Understandably, rapper Fresh I.E. is not happ-i.e. about getting arrested for driving one of these with his Starbucks soy chai latte in hand. It sounds like the Winnipeg cops were more than a little jealous that their own rap careers hadn’t yielded more stylish results.
A Winnipeg rap artist is concerned he may have been the target of racial profiling after police pulled him over, pulled their weapons and accused him of driving a stolen car.
Robert Wilson, a youth worker also known as Grammy-nominated rapper Fresh I.E., said he was driving in downtown Winnipeg with a youth he mentors Wednesday afternoon when several unmarked police cars boxed him in on Donald Street.
“I was actually coming from Starbucks … and the cops just pulled up to my car — almost hit my car — and pulled out their guns on me and told me my car was stolen,” he told CBC News.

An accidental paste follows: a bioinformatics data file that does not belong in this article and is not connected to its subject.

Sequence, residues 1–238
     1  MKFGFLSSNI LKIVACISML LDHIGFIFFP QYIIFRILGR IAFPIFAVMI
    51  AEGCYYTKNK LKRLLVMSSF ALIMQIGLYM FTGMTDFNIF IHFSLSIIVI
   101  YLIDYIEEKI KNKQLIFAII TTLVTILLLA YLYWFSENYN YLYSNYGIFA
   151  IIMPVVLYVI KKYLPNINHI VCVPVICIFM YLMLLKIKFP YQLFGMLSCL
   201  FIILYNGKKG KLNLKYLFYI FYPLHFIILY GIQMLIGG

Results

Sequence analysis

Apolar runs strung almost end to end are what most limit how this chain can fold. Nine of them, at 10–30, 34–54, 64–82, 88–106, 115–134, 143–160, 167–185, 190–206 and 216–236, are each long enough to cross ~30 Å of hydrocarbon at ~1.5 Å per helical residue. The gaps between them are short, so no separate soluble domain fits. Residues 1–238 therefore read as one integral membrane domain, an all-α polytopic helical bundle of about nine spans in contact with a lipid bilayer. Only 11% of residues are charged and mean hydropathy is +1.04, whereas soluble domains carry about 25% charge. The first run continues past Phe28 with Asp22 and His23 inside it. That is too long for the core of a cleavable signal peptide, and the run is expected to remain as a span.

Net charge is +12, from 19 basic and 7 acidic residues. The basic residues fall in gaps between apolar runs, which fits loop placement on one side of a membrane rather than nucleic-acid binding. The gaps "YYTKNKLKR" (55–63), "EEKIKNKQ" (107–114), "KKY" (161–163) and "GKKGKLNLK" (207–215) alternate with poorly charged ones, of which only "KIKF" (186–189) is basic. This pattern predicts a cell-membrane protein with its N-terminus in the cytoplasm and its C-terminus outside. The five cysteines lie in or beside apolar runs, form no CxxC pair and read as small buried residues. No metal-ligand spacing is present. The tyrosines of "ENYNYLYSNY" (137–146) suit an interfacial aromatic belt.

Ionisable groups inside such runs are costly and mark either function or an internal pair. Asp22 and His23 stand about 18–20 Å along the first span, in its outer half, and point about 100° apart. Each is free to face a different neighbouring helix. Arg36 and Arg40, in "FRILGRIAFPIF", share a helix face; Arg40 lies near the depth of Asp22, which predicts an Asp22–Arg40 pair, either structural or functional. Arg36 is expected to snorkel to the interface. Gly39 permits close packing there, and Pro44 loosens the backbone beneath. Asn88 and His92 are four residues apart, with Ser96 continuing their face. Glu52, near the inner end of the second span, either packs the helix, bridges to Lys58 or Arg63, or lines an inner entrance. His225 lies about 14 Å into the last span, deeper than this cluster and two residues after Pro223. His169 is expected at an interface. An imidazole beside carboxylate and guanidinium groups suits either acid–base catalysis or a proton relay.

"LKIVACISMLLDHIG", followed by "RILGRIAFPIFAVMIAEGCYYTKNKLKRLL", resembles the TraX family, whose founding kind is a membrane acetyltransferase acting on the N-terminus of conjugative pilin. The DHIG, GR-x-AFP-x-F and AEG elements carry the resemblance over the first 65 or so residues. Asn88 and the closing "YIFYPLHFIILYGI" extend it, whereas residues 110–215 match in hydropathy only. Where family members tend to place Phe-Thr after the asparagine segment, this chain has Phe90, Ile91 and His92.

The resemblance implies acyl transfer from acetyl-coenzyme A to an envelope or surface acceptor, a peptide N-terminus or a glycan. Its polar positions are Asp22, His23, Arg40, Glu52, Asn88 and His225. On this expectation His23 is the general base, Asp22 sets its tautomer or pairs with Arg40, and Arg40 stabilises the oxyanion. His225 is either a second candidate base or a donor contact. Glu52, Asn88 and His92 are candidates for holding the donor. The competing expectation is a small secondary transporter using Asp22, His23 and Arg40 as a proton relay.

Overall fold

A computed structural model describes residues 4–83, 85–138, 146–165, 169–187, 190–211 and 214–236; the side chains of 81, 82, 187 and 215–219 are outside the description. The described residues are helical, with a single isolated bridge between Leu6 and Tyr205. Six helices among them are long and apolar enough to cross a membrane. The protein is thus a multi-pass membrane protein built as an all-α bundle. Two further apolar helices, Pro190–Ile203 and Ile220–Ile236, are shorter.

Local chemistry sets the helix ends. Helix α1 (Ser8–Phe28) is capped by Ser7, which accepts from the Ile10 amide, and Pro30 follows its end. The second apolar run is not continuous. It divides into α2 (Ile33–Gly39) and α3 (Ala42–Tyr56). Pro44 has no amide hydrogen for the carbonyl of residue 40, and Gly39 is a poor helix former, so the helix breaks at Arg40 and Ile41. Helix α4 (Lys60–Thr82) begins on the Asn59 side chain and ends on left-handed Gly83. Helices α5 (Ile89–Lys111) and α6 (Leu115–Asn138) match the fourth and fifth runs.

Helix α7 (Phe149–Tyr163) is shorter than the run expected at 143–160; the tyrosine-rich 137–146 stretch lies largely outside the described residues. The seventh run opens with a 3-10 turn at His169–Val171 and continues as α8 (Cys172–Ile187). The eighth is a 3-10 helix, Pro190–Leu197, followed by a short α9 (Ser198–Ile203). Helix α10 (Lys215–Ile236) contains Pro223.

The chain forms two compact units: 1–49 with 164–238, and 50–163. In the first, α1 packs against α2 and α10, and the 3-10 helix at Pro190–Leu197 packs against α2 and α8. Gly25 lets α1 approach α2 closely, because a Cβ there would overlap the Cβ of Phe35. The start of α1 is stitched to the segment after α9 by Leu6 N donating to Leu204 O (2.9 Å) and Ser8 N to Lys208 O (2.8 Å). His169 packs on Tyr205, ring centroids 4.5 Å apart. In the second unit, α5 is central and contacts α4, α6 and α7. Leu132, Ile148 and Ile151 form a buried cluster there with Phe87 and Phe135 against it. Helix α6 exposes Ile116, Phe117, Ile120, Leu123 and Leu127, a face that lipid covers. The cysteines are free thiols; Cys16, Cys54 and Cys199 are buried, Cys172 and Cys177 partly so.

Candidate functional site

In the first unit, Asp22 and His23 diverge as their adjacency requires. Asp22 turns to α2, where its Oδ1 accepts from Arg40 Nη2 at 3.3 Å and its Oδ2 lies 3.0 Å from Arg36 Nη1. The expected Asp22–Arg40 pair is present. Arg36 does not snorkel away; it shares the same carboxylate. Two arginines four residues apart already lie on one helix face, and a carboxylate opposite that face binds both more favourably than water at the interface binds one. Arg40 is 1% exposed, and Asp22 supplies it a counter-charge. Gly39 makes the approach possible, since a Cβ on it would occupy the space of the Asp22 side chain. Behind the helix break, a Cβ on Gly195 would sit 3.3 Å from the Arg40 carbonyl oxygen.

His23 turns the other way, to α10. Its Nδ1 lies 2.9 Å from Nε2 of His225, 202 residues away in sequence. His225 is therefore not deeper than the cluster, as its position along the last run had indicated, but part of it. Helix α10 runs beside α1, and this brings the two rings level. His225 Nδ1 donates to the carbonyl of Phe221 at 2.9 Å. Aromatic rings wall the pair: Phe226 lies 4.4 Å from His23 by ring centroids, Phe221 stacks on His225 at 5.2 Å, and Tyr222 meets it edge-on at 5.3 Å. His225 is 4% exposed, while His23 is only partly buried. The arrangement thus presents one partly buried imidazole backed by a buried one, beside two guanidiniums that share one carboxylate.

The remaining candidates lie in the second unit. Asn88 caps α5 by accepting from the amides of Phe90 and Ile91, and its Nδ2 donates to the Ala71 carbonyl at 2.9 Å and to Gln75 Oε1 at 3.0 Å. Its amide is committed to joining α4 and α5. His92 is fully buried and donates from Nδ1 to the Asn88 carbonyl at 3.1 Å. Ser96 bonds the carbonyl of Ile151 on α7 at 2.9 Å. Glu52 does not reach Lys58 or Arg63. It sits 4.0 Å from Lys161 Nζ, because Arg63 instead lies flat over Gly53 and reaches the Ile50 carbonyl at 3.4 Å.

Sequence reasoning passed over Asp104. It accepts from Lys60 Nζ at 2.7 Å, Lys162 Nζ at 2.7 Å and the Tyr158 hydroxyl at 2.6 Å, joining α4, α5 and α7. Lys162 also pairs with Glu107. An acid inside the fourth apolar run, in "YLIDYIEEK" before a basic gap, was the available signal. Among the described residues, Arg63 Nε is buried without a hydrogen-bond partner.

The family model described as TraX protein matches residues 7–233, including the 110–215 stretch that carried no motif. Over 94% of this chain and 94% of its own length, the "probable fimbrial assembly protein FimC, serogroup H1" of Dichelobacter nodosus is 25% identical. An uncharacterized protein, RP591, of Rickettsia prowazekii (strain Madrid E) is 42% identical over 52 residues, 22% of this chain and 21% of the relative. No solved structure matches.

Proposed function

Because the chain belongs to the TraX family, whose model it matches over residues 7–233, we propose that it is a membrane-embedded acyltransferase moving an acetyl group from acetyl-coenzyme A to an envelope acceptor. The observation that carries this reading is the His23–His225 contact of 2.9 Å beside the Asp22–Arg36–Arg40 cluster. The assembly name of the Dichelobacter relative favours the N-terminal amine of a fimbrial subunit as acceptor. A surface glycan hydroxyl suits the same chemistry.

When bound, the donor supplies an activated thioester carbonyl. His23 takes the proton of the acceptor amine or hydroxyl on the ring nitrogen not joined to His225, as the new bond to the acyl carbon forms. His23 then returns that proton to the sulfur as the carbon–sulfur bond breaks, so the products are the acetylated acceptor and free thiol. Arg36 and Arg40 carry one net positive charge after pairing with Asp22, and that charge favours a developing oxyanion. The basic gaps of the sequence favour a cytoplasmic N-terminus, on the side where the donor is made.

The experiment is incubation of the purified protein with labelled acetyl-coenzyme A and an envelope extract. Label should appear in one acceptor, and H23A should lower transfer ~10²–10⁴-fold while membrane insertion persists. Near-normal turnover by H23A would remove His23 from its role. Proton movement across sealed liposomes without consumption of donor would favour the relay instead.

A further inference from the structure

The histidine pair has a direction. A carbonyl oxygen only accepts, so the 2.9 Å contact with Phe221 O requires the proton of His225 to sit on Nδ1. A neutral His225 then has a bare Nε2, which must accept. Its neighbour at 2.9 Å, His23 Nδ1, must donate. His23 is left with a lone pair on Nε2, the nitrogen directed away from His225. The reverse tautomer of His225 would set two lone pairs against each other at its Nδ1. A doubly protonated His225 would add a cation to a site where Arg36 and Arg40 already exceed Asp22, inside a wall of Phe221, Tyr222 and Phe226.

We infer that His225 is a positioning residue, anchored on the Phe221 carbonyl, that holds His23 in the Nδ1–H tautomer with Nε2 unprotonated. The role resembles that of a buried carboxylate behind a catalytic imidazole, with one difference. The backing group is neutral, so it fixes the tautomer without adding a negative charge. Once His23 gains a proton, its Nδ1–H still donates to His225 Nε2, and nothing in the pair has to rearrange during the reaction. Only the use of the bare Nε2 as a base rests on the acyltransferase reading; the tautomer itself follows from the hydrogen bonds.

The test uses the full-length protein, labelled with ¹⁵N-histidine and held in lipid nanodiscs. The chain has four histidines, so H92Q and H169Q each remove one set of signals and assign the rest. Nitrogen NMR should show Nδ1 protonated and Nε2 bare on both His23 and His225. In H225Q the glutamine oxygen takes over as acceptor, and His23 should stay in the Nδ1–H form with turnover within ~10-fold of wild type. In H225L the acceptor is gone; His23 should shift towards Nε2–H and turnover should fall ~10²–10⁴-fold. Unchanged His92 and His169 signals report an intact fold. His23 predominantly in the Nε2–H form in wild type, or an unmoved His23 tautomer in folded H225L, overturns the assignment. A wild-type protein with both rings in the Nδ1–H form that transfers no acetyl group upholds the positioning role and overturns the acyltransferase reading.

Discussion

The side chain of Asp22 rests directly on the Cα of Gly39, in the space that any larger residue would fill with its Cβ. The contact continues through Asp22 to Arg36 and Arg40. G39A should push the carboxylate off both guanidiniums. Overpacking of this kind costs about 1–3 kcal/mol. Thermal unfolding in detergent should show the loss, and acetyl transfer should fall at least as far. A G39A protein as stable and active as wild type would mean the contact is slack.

“They handcuffed the youth that I mentor, they pulled him out of the car and handcuffed him and threw him on the ground.
“It just threw me for a loop. I just couldn’t believe it was happening.”
Wilson said officers didn’t believe he was who he said he was, and told him his car had been reported stolen.
“I said, ‘It’s my car. It can’t be reported stolen,'” he recalled.
“I said, ‘Well, I’m Robert Wilson. I’m a youth worker in the city’ and stuff. And they told me to shut up and shut the door, and then they came back and said, ‘Oh, we made a mistake.'”
Wilson believes he was pulled over because he was a black man driving a Chrysler 300.
“It’s a case of stereotyping. Not every black or native man or woman that’s out there driving a nice car, you know, is stealing cars,” he said.